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Report: Company Decommissioning Pilgrim Nuclear Plant Under Criminal Investigation

The Pilgrim nuclear reactor building. (Robin Lubbock/WBUR)
The Pilgrim nuclear reactor building. (Robin Lubbock/WBUR)

Holtec International, a subsidiary of which owns and is decommissioning the inactive nuclear plant in Plymouth, is under criminal investigation, Politico New Jersey reported based on a legal brief filed by the New Jersey Economic Development Authority.

According to the report, New Jersey-based Holtec International sued the NJ EDA in March over the payment of $26 million of a $260 million New Jersey tax incentive, which the agency held up because Holtec allegedy gave a false answer on its 2014 tax credit application.

"Holtec's misrepresentations — which include its failure to disclose a prior government debarment by the Tennessee Valley Authority (the 'TVA') for bribing an official of that agency — first came to light during an investigation conducted by the Governor's Task Force on the Economic Development Authority's Tax Incentive Program, and they are now the subject of an ongoing criminal investigation," the brief read, according to Politico.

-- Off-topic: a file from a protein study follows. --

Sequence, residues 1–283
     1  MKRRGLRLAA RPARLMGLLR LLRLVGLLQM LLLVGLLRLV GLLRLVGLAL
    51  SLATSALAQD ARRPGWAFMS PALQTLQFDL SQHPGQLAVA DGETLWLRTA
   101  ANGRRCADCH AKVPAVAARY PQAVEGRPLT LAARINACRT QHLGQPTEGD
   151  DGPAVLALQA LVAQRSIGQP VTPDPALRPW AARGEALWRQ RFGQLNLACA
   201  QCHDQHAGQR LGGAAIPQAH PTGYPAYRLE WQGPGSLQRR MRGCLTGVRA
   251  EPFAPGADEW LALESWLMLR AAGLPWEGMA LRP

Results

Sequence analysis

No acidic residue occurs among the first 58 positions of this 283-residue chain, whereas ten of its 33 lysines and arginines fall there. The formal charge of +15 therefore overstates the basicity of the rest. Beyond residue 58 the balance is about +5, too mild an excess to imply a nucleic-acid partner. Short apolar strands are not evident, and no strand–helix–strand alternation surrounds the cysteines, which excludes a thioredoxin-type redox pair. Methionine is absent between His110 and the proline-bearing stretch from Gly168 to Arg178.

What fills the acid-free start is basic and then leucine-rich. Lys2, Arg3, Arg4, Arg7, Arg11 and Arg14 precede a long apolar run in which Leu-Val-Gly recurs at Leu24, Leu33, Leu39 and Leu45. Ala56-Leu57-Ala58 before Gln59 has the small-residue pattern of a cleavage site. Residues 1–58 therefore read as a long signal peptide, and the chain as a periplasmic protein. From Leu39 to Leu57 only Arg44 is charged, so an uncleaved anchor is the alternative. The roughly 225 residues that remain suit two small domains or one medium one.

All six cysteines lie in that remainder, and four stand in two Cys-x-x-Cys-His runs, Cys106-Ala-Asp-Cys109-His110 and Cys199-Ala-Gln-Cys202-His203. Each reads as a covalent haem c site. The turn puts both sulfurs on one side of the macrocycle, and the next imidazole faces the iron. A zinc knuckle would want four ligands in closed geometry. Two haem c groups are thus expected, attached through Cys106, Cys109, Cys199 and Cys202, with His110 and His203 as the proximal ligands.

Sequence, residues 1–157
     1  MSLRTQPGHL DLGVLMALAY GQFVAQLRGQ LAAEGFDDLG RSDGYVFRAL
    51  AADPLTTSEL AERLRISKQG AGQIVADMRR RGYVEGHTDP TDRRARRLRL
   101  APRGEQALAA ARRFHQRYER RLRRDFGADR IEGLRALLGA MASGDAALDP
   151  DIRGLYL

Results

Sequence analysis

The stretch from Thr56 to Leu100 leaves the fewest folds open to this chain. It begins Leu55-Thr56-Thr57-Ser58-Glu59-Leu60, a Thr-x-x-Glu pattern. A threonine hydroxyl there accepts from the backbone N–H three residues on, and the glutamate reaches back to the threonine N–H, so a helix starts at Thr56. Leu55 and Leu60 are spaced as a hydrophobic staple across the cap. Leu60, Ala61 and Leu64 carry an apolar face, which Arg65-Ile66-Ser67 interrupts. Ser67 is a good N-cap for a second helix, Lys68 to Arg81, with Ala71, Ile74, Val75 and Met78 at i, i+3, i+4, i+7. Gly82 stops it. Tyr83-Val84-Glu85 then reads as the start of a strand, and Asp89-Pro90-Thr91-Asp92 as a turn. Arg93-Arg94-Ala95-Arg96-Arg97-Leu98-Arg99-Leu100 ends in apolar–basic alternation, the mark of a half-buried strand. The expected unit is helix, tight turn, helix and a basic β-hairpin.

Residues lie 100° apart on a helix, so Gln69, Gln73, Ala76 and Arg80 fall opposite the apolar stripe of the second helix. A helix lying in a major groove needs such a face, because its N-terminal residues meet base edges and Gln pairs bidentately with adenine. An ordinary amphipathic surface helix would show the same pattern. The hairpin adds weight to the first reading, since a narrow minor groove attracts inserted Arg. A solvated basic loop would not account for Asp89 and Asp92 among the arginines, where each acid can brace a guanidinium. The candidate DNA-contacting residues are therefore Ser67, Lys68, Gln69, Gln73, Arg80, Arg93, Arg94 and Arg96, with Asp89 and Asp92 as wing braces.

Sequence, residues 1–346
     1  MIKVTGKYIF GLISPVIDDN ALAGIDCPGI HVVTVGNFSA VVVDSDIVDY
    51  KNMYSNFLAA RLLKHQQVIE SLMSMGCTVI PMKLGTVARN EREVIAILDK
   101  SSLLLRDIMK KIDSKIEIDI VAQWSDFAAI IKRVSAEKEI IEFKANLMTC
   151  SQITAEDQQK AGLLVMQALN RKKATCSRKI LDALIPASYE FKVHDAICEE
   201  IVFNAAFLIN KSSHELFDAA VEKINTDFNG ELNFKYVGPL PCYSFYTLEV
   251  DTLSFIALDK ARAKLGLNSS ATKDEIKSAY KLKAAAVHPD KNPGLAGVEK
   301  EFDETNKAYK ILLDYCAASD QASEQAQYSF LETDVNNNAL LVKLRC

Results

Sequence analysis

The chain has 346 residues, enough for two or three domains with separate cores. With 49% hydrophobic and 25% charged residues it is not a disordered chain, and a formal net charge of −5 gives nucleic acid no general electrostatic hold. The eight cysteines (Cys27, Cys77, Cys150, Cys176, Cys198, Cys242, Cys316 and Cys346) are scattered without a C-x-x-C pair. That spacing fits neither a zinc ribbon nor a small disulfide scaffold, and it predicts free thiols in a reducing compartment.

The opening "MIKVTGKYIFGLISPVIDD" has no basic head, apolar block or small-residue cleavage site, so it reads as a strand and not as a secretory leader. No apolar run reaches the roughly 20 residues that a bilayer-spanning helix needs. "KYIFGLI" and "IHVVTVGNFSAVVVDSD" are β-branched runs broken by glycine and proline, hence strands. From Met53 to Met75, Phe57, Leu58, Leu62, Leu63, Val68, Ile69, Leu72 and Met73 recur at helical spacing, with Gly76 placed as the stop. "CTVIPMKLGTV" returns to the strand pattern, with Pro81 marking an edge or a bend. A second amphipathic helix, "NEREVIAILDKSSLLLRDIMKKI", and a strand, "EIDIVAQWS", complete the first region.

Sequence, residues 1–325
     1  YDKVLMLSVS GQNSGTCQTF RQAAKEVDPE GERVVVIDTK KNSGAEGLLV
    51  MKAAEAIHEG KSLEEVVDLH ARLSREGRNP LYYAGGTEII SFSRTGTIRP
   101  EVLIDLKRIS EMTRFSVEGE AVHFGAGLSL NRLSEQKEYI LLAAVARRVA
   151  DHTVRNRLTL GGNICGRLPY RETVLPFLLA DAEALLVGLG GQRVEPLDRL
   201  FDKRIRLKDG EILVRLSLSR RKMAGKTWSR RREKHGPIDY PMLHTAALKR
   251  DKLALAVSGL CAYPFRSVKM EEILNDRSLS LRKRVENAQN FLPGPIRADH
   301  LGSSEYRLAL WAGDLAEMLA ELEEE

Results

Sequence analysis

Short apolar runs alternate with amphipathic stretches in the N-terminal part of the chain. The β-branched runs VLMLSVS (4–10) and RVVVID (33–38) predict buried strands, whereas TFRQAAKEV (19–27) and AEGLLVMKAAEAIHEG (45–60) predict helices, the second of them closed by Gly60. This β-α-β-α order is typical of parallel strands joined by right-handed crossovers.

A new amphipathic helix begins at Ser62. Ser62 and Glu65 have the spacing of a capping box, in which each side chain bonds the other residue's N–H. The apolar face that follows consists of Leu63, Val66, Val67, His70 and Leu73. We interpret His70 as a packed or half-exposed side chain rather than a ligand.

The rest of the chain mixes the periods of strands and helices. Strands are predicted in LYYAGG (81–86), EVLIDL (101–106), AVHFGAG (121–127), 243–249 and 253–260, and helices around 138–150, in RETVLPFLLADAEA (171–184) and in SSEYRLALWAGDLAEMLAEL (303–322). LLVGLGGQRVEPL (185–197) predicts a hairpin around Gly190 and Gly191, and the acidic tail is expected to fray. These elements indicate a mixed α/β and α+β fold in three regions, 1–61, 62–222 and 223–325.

A spokesperson and a lawyer for Holtec did not respond to Politico New Jersey, and the company did not immediately return a News Service email seeking a response.

Last week, two Holtec subsidiaries — Holtec Decommissioning International and Holtec Pilgrim LLC — agreed to a settlement with Attorney General Maura Healey and the Baker administration that requires the company to maintain a decommissioning trust fund at a minimum balance and puts other guardrails on the decommissioning of Pilgrim Nuclear Power Station.

Last September, Healey and Baker's Executive Office of Energy and Environmental Affairs sued the U.S. Nuclear Regulatory Commission over the agency's decision to approve the transfer of Pilgrim's license from Entergy to Holtec.

The attorney general, Baker's administration and members of the state's Congressional delegation mounted an effort to block the transfer unless the NRC held a full hearing on concerns over Holtec's ability to safely decommission the nuclear plant, the company's financial stability and its alleged involvement in a kickback scheme. No hearing was held before the NRC approved the transfer.

Holtec has said that it can complete decommissioning work in Plymouth by the end of 2027 and is in the process of removing all spent nuclear fuel from the plant's spent fuel pool and placing it on a newly constructed Independent Spent Fuel Storage Installation by early 2022.

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